Dialog Box

Loading...

Cutaneous B Cell Lymphoma (CBCL)

Cutaneous B Cell Lymphoma (CBCL) is a type of lymphoma that is almost always slow growing, and it has a few different subtypes. They may appear on the skin as a reddish rash, lump, or nodule and may have a slightly raised and smooth appearance. The disease tends to go away and then return on the skin, but it rarely develops into a disease that affects other areas of the body. Nearly 50 percent of patients diagnosed with CBCL experience a recurrence after an initial complete response to treatment. Prognosis is usually very good.

What are the Common Symptoms

Common symptoms include a rash or nodules over any part of the body which are different depending on the type of lymphoma, itch and fatigue.

Types of Cutaneous B-Cell Lymphoma

Primary Cutaneous Follicle Centre Lymphoma is the most common type of CBCL. These skin lymphomas develop slowly over months or years. They usually appear on the head, neck, or torso of the body as a red-brown pimply rash or nodules.

Primary Cutaneous Marginal Zone B-cell Lymphoma is the second most common form of CBCL. This slow-growing lymphoma appears as pink or red lesions, nodules, and/or tumours, most commonly found on the torso or arms.

Primary Cutaneous Diffuse Large B-cell Lymphoma, Leg-type is less common than other CBCLs, but is usually more aggressive (fast-growing), developing over weeks or months. This lymphoma usually appears as solitary or multiple tumour nodules on the legs and/or torso. The lesions frequently grow into large tumours that extend deep into the body. The lesions frequently grow into large tumours that extend deep into the body. The lesions may become open sores and spread outside the skin more frequently than the slow-growing CBCLs.

Primary Cutaneous Diffuse Large B-cell Lymphoma, Other describes a group of very rare lymphomas, including intravascular large B-cell lymphoma, T-cell rich large B-cell lymphoma, plasmablastic lymphoma, and anaplastic B-cell lymphoma. These lymphomas usually appear on the head, torso, and extremities.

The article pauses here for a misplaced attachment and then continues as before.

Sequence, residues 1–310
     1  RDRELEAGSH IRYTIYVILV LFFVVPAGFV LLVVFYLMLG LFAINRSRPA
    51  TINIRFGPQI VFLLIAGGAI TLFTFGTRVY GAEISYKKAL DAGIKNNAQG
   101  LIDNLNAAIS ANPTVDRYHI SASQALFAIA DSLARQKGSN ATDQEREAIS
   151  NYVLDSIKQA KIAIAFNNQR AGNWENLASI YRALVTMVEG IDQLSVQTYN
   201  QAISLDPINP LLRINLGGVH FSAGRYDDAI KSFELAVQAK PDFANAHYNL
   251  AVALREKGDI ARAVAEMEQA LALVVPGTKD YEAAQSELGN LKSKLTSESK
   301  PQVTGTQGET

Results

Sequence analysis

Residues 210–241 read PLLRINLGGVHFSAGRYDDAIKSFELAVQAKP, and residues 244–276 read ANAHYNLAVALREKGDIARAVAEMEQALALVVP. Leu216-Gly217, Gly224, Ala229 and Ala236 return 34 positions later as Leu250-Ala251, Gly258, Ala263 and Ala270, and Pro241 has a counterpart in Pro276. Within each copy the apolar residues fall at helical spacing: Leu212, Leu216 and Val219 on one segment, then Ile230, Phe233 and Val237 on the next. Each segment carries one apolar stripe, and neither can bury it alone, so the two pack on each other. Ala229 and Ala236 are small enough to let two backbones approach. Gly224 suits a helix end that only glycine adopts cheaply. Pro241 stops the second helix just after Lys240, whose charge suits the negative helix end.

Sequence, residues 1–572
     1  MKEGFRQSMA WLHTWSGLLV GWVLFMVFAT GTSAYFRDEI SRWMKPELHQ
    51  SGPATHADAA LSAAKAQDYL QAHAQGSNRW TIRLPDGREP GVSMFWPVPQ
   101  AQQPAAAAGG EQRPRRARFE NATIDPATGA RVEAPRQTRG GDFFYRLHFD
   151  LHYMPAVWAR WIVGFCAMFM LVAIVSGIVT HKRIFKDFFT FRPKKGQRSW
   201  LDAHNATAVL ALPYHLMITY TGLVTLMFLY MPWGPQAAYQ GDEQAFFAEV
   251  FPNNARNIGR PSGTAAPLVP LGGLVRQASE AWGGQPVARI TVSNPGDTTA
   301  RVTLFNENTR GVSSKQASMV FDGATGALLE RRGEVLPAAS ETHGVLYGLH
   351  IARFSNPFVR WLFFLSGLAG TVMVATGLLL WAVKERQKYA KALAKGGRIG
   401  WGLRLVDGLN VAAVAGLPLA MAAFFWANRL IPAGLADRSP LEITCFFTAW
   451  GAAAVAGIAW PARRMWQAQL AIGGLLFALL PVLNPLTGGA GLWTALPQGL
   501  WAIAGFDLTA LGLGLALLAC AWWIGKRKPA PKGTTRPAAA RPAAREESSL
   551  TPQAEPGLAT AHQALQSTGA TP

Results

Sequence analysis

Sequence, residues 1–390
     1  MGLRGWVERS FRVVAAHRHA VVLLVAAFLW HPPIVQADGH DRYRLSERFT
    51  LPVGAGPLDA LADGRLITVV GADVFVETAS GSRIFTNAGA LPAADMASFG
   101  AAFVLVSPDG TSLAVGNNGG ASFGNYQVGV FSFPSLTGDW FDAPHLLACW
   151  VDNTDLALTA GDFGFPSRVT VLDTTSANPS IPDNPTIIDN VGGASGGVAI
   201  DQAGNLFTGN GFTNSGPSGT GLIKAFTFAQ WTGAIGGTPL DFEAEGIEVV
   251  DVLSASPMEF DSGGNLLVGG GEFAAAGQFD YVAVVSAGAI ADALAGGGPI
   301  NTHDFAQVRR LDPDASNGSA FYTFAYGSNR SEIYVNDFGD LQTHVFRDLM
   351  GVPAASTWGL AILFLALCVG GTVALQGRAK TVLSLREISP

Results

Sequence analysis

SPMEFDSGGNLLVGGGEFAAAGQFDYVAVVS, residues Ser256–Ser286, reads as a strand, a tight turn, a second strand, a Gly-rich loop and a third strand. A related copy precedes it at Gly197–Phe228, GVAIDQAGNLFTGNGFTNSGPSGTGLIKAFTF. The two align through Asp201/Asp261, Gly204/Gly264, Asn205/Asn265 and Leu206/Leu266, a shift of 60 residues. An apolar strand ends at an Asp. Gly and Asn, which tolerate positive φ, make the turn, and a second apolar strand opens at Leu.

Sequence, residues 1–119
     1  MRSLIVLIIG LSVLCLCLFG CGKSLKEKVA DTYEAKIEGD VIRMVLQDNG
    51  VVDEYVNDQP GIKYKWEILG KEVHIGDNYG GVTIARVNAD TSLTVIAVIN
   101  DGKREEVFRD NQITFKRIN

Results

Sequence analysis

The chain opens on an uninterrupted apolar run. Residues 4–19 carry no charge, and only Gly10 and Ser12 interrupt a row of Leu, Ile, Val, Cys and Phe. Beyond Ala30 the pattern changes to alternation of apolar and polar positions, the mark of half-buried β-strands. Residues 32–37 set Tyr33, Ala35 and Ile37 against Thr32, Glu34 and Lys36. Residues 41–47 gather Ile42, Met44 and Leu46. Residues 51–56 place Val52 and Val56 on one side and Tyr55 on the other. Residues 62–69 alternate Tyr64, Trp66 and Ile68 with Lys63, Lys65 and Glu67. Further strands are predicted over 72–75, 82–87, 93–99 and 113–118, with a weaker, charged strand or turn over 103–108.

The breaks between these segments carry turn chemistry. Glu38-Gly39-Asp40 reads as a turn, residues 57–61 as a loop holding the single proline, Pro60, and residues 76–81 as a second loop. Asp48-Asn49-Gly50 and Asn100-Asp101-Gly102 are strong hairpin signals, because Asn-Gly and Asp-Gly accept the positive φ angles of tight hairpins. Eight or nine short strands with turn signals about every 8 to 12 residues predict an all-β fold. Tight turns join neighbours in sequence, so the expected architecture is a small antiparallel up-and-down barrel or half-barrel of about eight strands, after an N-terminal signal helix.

How is it Treated

Treatment selection for CBCL depends on the type of CBCL, the patient’s symptoms and overall health, and the stage of the disease. Depending on the number of lesions present, primary cutaneous follicle centre lymphoma and cutaneous marginal zone B-cell lymphoma may be observed (a method known as “active surveillance” also known as “watchful waiting”) or treated locally with either radiation therapy or surgery. Secondary therapy for relapsed (disease returns after treatment) CBCL can include observation, surgery, topical treatments, injected steroids, or radiation. Slow-growing CBCLs rarely transform into more aggressive types of lymphoma. For diseases that become widespread (systemic), a variety of regimens may be used. In these cases, therapies such as rituximab (Rituxan), either alone or in combination with chemotherapy, are often used.

There is no known best treatment strategy for the more aggressive types of CBCL, such as cutaneous diffuse large B-cell lymphoma, leg type. For single tumours, radiation is often effective, as are combinations of chemotherapy, or radiation and chemotherapy given sequentially. Similar to other B-cell NHLs, R-CHOP (rituximab, cyclophosphamide, doxorubicin, vincristine, and prednisone) plus radiation therapy is commonly used to treat CBCL that has spread and become a more generalized lymphoma. Clinical trials are also often recommended. All of these treatments usually result in disease remission, but relapse can happen

Treatments Under Investigation

Many treatments at various stages of drug development are currently being tested in clinical trials for relapsed or refractory (disease does not respond to treatment) CBCL, including panobinostat (Farydak), lenalidomide (Revlimid), bendamustine (Treanda), and others. It is critical to remember that today’s scientific research is continuously evolving. Treatment options may change as new treatments are discovered and current treatments are improved. Therefore, it is important that patients check with LRF or with their physician for any treatment updates that may have recently emerged.